Growing up in the 1990s and early 2000s, I never had much experience with real bullying. Sure, there were the odd bullies in school who could put a damper on a good day, but they didn’t follow me home. When school was over, I was able to walk away from them until the next time I saw them. At the barn, none of my fellow riders ever said anything mean to me, and if anyone ever whispered about me at shows, I never knew about it.
Virtual-World Bullying in the Horse Industry
As a plus-sized rider, I have dealt with bullying for years. The phrase “poor horse” is rattled off on my social media accounts at least once a week. I work closely with my vet and trainer; I am a considerate horse owner and take incredibly good care of my boys, and I know I am not hurting them in any way, but the words still hurt.
I have considered giving up more times than I can count over the years because the cruelty and judgement of others becomes overwhelming. As I am sitting here writing this, someone commented on one of my riding videos, saying, “I’m amazed your horse’s back didn’t break.” Why do people think it’s OK to treat others like this?
For a long while, the bullying I experienced had an enormously detrimental effect on my self-esteem and wellbeing. I was depressed. I didn’t want to share my joy, because I was afraid of the backlash of posting photos of myself on a horse.
At one point, I was being stalked online by a woman who was constantly commenting on my photos and messaging me all kinds of nasty things about my weight. Another time, a friend of mine in Switzerland shared a photo of me and my horse using one of her saddle pads to her social media. The next morning, I woke up to comment after hateful comment on her post. People rattled off phrases like “go eat a salad,” “maybe the horse should be riding you,” and “you clearly don’t care about the health and wellbeing of your horse.”
It absolutely broke my heart. It made me question if I even wanted to continue life as an equestrian if that was how I was going to be treated by people who had never even met me before.
Nothing to Fear but Fear
Bullying is a huge problem in our sport. Every day, I have people writing to me on my social media accounts telling me their stories and their fears of sharing their joy, because they are so afraid of being judged.
I occasionally get a message saying, “Thank you for being such an inspiration and helping me feel comfortable about sharing my journey with my horse despite of what the bullies and haters might say.” But more times than not, the messages are along the lines of “I’ve been bullied,” or “I’ve gotten hateful comments, and now I’m afraid to share photos and videos.”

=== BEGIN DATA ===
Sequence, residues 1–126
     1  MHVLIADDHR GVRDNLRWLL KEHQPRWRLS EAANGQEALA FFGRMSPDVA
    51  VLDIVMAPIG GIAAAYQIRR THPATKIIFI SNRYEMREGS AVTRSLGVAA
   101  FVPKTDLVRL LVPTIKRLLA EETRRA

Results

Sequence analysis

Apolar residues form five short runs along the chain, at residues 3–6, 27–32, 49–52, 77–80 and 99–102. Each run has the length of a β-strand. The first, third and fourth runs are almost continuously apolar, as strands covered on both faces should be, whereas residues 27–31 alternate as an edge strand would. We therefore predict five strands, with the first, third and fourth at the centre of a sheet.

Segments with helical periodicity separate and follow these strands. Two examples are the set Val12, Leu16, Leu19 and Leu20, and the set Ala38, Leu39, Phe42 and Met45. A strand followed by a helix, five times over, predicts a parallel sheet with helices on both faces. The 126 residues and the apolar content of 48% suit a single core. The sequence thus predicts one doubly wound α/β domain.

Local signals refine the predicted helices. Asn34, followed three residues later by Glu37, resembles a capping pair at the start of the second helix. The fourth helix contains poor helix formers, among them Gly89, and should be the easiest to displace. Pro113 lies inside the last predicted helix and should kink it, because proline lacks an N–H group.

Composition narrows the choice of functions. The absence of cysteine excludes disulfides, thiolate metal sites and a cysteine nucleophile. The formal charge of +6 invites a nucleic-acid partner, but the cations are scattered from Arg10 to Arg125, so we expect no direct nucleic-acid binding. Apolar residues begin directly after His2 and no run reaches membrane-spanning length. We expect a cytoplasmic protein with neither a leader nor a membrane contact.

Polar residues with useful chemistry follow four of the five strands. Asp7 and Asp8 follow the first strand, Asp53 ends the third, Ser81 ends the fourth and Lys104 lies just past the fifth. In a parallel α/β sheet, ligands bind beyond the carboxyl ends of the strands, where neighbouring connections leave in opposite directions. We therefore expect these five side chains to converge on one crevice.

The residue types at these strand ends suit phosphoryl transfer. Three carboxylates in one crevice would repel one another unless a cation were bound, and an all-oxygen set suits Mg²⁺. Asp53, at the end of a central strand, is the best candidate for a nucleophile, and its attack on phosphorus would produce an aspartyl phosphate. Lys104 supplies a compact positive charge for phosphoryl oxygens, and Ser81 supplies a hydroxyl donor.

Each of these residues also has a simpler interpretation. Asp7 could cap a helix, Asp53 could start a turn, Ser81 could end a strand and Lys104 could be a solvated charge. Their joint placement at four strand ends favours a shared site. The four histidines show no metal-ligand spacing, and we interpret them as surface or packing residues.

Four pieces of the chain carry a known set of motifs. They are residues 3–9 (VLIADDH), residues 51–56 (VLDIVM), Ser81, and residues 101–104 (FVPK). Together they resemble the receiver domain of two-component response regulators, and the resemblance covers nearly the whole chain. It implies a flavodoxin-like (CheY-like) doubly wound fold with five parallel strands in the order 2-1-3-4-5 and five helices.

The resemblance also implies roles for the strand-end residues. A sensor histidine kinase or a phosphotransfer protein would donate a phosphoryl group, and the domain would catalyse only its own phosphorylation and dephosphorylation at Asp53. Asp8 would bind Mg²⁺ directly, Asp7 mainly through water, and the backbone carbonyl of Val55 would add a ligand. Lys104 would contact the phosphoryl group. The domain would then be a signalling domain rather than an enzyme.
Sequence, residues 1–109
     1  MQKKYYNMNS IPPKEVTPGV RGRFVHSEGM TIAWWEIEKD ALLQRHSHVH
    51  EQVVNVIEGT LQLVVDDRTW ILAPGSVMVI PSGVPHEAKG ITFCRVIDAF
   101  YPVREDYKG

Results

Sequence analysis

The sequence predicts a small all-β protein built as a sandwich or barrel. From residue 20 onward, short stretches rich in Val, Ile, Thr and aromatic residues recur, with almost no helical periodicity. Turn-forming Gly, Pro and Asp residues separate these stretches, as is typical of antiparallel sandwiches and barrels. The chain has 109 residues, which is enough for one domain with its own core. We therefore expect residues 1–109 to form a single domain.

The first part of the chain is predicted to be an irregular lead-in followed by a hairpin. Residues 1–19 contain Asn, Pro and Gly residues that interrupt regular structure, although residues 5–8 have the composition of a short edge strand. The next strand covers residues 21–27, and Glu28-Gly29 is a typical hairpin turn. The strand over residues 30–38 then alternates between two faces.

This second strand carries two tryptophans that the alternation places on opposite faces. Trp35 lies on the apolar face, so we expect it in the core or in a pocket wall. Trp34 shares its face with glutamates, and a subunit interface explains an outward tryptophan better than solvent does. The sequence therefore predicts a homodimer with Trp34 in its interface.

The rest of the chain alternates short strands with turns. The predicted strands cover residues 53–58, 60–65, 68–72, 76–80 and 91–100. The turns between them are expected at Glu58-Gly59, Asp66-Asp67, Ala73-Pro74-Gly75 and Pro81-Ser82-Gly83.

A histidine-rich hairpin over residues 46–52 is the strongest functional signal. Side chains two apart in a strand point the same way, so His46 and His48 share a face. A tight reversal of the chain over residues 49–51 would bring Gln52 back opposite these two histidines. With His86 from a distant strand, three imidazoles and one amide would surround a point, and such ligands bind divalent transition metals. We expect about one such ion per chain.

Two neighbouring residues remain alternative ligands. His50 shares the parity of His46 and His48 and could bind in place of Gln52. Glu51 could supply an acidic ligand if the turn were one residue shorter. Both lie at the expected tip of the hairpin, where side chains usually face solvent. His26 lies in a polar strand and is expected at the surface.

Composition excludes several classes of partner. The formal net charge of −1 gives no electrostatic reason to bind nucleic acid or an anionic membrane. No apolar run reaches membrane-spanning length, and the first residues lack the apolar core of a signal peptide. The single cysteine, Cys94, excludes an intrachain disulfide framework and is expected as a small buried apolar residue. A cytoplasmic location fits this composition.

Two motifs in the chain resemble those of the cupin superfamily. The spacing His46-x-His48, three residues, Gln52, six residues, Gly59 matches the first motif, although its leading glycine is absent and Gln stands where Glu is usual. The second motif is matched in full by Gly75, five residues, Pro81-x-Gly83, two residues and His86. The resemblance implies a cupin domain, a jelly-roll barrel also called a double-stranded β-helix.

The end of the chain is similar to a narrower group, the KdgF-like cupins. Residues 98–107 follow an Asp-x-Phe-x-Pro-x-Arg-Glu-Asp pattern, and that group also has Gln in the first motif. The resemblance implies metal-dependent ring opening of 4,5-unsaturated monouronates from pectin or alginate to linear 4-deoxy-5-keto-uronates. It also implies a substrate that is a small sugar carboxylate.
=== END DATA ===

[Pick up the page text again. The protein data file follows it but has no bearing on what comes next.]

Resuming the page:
Afraid. So many people are afraid. We are equestrians. Horses bring us joy. Nobody should ever be afraid to share that joy with the world for fear of being looked down on for being “different.”
A love of horses should not have restrictions. No matter our size, skin color, income, riding level or circumstances, our hearts belong to these animals, and that should bring us all together. Equestrians need to stand up for each other, not tear each other down.
I have been through a lot. I have endured the hate and the criticism, the threats and the major depression and anxiety they bring. I have made it through all of it, and I have developed a tough armor against the hate and the hurt. Now, I want to help others do the same. I want everyone to be able to share the happiness they feel being with their horse without dwelling on the fear of judgement.
The best advice that I can give to anyone that is reading this is to surround yourself with positivity. I ride at an amazing farm called Misty Mountain Stables. I have never been at a farm that is so incredibly supportive of me and everything that I do. It has made a world of difference to my self-esteem and helps me keep the bullies from affecting me like they used to.
People bully because they are unhappy with their own lives and want to hurt others like they are hurting. I try to remember that when someone is being particularly cruel to me, and I feel sorry for them.
I love horses. I have loved them since I took my first pony ride at the age of two, 32 years ago. I will always love them, and I will never let the words of strangers, who don’t know me, keep me from following my passion. And neither should you.